• New Turn Arrows Make Figueroa/York Intersection A Little Safer (Eastsider)
  • Improvements Work – West Hollywood Crosswalks Are Getting Safer (WeHoVille)
  • Opinion: Could Driverless Cars Make Metro’s Spending Plan Obsolete? (LAT)
    …Probably Not (Let’s Go L.A.)

Get National Headlines At Streetsblog USA
Get State Headlines At Streetsblog CA

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Amendments to Remove Central, Westwood Bike Lanes from Mobility Plan, Add Substitutes Move Through Planning Commission

Pedestrians wait to be able to cross Jefferson and continue south on Central along the sidewalk. Sahra Sulaiman/Streetsblog L.A.

Pedestrians wait to be able to cross Jefferson and continue south on Central along the sidewalk. Sahra Sulaiman/Streetsblog L.A.

Listening to the City Planning Commission vote in favor – albeit somewhat reluctantly – of moving forward on the regressive amendments to the Mobility Plan 2035 this morning, I felt my heart sink.

With recommendations the City Council approve amendments that a) remove Westwood Boulevard (between LeConte and Ohio) and approximately seven miles of Central Avenue from the Bicycle Enhanced Network (BEN), b) substitute those routes with less direct and less-likely-to-be-used parallel streets (Gayley and Midvale in Westwood and Avalon and San Pedro in South L.A.), and c) allow for more north-south corridor substitutions in the future, where deemed prudent, the city of Los Angeles officially moved closer to taking a significant step back from its commitment to building a safer and more accessible city for all. [See the CPC agenda and staff report.]

The amendments to the Mobility Plan that the City Planning Commission recommended the City Council adopt.

The amendments to the Mobility Plan that the City Planning Commission recommended the City Council adopt.

Worse still, it was all happening in the guise of greater “safety” and mobility as defined by people who appeared to care very little about either for people other than themselves or their own narrow interests.

That hypocrisy was perhaps best exemplified by the Westwood contingent of homeowners who now were masquerading as bus huggers. Which was truly bizarre, considering that just last year, when Fix the City and their Westside supporters launched their lawsuit against the Mobility Plan, they were decidedly anti-transit and anti-options in their approach. The group’s president had ranted about how the city “want[ed] to make driving our cars unbearable by stealing traffic lanes from us on major streets and giving those stolen lanes to bike riders and buses.” Laura Lake, the group’s secretary, had told the L.A. Times that safer streets and more transportation options could only lead to greater tailpipe emissions, greater congestion, first responders getting trapped in traffic more often (implying more death and destruction), and greater sacrifices made by people whose schedules would be so disrupted that they would lose untold hours that would otherwise have been spent working or with their families.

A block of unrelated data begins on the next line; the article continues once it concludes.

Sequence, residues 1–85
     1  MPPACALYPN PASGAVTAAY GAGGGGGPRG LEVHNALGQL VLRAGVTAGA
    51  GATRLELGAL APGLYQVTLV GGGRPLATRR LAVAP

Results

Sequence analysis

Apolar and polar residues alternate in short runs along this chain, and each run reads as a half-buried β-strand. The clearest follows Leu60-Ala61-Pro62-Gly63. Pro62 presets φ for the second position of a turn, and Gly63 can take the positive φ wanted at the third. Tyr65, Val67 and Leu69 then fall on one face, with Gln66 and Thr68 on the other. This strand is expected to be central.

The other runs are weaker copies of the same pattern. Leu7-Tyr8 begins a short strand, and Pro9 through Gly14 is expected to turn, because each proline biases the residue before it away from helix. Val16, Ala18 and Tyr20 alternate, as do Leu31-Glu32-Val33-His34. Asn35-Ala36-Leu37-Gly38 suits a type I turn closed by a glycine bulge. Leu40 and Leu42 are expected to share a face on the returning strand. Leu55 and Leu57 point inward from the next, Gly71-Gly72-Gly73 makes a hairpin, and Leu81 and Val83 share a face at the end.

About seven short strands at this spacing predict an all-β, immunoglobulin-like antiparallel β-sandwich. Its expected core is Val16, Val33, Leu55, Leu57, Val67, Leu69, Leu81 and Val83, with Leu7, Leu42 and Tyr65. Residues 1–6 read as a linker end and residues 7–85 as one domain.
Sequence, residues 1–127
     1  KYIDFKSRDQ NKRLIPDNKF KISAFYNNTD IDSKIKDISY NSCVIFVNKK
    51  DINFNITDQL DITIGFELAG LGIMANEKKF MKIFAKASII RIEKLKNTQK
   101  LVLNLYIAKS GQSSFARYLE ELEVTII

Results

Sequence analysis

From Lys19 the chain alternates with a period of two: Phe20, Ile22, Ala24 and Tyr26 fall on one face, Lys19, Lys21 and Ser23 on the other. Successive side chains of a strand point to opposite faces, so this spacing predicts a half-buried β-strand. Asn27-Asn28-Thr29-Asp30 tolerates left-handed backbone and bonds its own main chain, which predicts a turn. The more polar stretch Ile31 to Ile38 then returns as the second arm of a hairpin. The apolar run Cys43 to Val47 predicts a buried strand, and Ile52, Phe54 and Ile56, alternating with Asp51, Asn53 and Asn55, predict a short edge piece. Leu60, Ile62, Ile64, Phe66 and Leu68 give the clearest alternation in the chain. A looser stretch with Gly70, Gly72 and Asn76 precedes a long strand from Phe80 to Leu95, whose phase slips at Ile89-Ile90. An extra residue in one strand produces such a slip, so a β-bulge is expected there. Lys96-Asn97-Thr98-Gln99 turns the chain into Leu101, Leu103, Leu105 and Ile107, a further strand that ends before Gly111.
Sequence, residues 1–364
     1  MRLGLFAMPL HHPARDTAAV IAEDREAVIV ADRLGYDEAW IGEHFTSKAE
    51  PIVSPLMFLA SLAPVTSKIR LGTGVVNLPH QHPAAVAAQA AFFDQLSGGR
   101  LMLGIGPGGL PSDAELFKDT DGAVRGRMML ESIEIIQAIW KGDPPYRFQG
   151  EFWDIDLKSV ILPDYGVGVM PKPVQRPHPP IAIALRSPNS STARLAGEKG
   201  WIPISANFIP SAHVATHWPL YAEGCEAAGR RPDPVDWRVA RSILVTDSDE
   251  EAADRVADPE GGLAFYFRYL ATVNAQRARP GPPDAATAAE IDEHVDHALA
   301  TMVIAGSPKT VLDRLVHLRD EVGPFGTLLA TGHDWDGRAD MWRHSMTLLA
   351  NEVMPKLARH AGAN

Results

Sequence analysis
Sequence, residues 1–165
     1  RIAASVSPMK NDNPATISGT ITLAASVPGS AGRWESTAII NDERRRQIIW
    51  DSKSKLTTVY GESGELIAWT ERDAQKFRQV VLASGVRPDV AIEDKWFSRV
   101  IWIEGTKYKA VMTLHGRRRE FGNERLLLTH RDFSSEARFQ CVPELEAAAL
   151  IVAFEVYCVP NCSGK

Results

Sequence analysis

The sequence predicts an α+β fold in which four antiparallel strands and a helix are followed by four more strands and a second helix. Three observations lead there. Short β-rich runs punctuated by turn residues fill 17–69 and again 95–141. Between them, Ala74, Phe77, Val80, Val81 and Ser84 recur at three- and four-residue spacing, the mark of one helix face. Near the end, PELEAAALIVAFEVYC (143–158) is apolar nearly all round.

Today, Lake had completely changed her tune. Now she was telling the commissioners that she was deeply concerned about the more than 900 buses traveling along Westwood every day. If those buses were to get stuck behind a bicyclist, she posited, thousands of bus riders could be impeded from getting to work or school.

Clearly unencumbered by the idea that the whole point of having separate lanes for bikes and buses is to keep them from having to cross each others’ paths and that the only ones blocking buses in such a scenario would be private vehicles, she declared she only hoped to benefit “the greater good.”

Other Westwood advocates that stood to speak took their lead from the backwards logic regularly deployed by Councilmember Paul Koretz regarding bike lanes, arguing busy streets with no bike infrastructure were dangerous for cyclists and therefore better infrastructure must be avoided at all costs.